Demian Maia is not retired from MMA just yet, still hoping for a chance to compete one final time inside the octagon before it’s all said and done. For now, the two-time UFC title contender is juggling several other opportunities in multiple avenues.
Still active in jiu-jitsu, going 3-0 in the past 10 months with wins over Ben Henderson, Alex Oliveira and Sangwook Kim, Maia travels around the world to teach seminars when he’s not working as a UFC Fight Pass color commentator in Brazil.
“Just like in fighting, you train and get better,” Maia said of his commentary work on this week’s episode of MMA Fighting podcast Trocação Franca. “People have the impression that since you’re a fighter you know all the fighters and watch all the fighters. Quite the opposite. I’ve watched my opponents in the last years, and people I liked, friends like Wanderlei [Silva], Rodrigo [Nogueira], Charles [Oliveira], Matheus Nicolau and Luana Pinheiro. I didn’t really sit to watch a UFC event so there’s a lot of new people I don’t know.”
“But this [UFC Fight Pass Brazil] project started six months ago, and we did the archive of past fights,” he continued. “We did 1,000 fights, Rodrigo and Roman Laurito commentating and Ivan Bruno calling the fights. That was like training for me.”
A very calm and collected person, Maia realized he had to change the way he speaks in studio to add “emotion” to his voice. Yet, getting honest feedback wasn’t necessarily easy at first.
“You’re an athlete and people admire you, and sometimes they’re not comfortable [criticizing you],” Maia said. “I was like, ‘Tell me anything, even if you think it sucks, if you think it’s sh*t,’ because I’m here to learn. I’m a white belt at this. These months of training have me confidence when I called the first card on Jan. 14 in studio, another preparation for the live show the next week in Rio de Janeiro.”
Maia, who also revealed he’ll be the host of a Players Tribune podcast in Brazil and is currently shooting an eight-episode documentary for the UFC — with a theme that is still a secret —, feels way more confident when the action starts because “that’s what I did my entire life.”
“I look at it and know what’s his style and what he’s trying to do, and what the other guy is trying,” Maia said. “That’s what they want from the commentator. They’re not worried if I know a lot about that athlete in the prelims, they want my vision about that fight in particular.”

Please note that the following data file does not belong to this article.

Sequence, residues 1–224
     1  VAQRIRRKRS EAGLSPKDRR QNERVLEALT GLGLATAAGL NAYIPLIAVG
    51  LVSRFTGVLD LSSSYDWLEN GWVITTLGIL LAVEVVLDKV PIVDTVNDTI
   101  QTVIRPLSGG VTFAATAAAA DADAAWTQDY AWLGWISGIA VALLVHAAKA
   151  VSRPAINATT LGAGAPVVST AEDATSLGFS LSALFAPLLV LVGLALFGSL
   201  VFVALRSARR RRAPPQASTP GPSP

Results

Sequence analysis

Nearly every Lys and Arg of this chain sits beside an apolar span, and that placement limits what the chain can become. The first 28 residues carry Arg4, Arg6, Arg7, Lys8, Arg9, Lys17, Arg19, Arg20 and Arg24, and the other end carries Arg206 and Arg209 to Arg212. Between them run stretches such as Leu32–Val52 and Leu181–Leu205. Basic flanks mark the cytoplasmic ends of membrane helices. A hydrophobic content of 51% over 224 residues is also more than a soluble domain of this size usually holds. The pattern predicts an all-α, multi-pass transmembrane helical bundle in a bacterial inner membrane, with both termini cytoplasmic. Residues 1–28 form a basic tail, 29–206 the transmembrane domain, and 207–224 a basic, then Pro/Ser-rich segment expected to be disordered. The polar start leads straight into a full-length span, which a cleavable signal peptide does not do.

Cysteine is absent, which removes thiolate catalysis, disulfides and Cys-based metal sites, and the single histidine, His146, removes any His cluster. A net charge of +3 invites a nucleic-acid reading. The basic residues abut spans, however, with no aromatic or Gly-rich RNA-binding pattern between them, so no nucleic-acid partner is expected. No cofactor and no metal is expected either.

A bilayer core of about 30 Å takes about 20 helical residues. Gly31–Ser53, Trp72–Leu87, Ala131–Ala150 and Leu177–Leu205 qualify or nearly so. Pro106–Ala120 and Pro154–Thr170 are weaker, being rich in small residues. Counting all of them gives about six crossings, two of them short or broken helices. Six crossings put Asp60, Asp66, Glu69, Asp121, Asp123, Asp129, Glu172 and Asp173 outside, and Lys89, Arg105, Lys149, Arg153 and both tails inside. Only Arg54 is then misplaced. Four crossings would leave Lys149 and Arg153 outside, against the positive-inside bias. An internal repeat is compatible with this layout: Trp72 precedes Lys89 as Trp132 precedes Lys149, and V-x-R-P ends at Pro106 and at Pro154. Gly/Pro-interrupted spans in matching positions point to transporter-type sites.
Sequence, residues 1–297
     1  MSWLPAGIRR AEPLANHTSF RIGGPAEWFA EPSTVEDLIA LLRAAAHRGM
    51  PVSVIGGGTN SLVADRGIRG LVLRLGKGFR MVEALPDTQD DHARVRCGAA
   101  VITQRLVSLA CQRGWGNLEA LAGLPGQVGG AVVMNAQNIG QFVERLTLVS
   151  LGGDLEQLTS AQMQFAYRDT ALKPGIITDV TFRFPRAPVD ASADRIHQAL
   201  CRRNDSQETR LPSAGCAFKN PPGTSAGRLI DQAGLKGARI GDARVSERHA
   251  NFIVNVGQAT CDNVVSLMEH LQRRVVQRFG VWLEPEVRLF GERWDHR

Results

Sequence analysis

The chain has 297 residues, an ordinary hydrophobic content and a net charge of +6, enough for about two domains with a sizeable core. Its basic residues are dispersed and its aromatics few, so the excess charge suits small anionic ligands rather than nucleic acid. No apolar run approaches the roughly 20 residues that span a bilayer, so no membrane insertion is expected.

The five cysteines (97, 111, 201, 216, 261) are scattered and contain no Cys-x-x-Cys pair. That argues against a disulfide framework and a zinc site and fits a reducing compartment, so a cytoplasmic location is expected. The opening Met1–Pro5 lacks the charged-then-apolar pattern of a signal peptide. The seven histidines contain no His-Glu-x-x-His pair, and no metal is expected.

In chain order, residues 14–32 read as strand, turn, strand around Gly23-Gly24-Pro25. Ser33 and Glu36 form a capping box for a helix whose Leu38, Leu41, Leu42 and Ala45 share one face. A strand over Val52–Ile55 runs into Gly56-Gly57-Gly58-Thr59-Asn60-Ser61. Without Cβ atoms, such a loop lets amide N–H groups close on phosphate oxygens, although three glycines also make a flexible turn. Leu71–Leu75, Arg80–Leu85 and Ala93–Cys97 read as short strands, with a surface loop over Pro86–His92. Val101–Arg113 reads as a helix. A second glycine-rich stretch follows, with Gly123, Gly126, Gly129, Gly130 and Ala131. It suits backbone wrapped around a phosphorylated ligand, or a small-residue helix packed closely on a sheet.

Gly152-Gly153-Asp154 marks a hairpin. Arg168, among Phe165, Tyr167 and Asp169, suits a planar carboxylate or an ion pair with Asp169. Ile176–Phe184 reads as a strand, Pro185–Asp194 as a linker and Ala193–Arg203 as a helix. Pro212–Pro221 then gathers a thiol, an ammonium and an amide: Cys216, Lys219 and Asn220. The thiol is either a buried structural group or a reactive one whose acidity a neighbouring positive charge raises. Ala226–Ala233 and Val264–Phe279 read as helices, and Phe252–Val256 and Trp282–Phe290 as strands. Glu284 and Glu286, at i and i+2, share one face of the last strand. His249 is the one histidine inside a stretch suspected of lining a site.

The jiu-jitsu ace has competed for nearly 15 years in the UFC and faced some of the world’s best in two different weight classes, sharing the cages with seven men that have held UFC welterweight or middleweight titles. In the commentary booth now, Maia doesn’t feel weird breaking down former opponents in action — and did it for the first time in his second show ever, calling a bout between former opponents Neil Magny and Gilbert Burns.
“It’s great because I’ve trained to fight that person so I know where they’re dangerous and where they’re not and what they do,” Maia said. “Since I’m in this transition between careers there are a lot of people I fought that are still active — I know one day that will end [laughs], there probably won’t be any in five of 10 years.”
Maia won’t be in studio Saturday when former opponent Kamaru Usman attempts to re-claim the welterweight belt in a trilogy bout with Leon Edwards in the main event of UFC 286 in London since he has a seminar scheduled for that same day, but will definitely watch it.
“In my opinion, even though Usman lost [the rematch], Usman is the favorite based on what he’s shown,” Maia said. “He was dominating the fight. But he’s not like a huge favorite because Edwards is coming with the confidence of winning the last one, and that makes the difference. Sometimes you’re on a tough fight, the other one is doing better than you, but when you win there’s like a switch in you. He’s coming with more confidence.”